MANHATTAN — A chauffeur and caretaker who stole an Andy Warhol silkscreen and $3.2 million from his elderly boss, an heir to the Pulitzer newspaper fortune, was sentenced to 10 years in prison on Thursday, authorities said Thursday.
James Stephen Biear, 51, used his position as an assistant to poet, art collector and editor Kenward Elmslie to pilfer Warhol's silkscreen of Heinz 57 ketchup bottles on a wooden crate and swipe several other works by well-known artists such as Marcel Duchamp and Alex Katz, according to the FBI.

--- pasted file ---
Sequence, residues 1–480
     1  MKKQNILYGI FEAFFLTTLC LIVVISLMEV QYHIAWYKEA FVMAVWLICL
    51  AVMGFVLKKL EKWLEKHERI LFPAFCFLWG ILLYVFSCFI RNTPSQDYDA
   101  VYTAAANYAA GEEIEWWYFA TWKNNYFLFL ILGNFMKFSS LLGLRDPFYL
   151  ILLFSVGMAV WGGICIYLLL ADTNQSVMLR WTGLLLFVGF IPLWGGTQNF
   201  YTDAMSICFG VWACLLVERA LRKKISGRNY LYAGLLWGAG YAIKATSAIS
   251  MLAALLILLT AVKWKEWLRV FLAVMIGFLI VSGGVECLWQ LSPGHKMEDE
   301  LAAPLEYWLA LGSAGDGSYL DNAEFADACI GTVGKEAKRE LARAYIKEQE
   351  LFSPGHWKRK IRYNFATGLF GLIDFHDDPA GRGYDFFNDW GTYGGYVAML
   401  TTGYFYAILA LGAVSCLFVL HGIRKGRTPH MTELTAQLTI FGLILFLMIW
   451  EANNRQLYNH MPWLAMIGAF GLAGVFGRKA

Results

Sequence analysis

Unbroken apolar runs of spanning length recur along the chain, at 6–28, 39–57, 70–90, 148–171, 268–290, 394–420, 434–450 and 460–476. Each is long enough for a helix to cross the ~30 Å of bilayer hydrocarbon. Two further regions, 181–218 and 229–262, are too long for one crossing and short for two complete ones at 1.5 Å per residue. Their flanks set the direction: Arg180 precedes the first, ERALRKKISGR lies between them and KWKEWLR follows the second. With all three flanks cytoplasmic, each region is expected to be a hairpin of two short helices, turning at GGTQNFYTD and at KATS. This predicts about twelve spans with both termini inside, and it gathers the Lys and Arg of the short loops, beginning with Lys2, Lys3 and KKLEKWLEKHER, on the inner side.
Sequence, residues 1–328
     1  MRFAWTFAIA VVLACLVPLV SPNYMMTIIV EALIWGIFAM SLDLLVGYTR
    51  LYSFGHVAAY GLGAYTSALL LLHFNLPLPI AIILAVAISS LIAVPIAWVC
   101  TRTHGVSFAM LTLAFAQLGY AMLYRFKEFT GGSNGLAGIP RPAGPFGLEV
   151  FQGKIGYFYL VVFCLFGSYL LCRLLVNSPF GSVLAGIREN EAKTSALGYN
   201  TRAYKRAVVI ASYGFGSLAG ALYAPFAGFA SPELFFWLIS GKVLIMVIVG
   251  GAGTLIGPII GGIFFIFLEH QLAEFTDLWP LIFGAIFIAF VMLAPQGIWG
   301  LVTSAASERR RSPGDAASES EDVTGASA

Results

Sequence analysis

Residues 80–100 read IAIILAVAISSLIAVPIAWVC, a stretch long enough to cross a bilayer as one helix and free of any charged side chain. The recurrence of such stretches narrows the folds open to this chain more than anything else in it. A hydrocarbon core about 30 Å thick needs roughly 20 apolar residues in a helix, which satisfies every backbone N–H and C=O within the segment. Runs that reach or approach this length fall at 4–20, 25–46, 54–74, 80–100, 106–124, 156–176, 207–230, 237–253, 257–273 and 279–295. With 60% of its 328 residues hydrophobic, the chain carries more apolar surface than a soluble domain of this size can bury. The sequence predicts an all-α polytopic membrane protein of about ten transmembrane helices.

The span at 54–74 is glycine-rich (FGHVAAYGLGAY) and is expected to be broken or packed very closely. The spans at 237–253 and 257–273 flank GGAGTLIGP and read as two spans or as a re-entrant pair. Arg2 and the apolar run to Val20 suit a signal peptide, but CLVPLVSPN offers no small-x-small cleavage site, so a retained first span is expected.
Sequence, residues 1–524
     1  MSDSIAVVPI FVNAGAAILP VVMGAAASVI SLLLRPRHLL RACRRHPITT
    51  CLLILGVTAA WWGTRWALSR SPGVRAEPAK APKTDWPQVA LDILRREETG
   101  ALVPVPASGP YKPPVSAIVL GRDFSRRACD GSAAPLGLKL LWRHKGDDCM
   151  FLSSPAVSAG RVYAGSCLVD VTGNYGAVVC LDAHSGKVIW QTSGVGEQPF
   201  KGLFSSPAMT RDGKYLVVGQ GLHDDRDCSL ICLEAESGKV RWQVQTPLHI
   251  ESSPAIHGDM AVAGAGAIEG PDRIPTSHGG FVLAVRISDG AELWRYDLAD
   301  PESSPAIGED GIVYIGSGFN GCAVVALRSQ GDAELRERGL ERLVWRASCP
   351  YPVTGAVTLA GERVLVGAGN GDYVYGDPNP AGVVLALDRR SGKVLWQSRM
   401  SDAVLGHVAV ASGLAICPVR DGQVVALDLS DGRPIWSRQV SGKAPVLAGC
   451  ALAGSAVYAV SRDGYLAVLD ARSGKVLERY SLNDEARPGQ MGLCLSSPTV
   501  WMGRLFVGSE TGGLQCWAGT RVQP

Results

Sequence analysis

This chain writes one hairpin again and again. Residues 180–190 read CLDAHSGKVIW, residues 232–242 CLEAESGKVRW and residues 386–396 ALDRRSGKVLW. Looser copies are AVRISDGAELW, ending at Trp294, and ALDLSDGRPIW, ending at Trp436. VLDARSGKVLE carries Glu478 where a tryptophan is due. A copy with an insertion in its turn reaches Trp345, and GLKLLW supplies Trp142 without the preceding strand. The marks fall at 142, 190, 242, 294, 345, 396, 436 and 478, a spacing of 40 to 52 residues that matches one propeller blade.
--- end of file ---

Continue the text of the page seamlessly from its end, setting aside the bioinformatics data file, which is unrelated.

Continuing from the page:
Biear worked for Elmslie, the grandson of newspaper publisher Joseph Pulitzer, for two years and gained access to the millionaire's bank accounts, credit cards and art collection.
Biear stole the Warhol, then sold it to a New York City collector for $220,000, claiming the artwork was a gift from his uncle.
In reality, the famous pop artist had given the silkscreen to Elmslie, now 83, in 1964.
Biear was found guilty in November 2010 of 10 counts of interstate transportation of stolen property, wire, mail, bank, and credit card fraud and money laundering.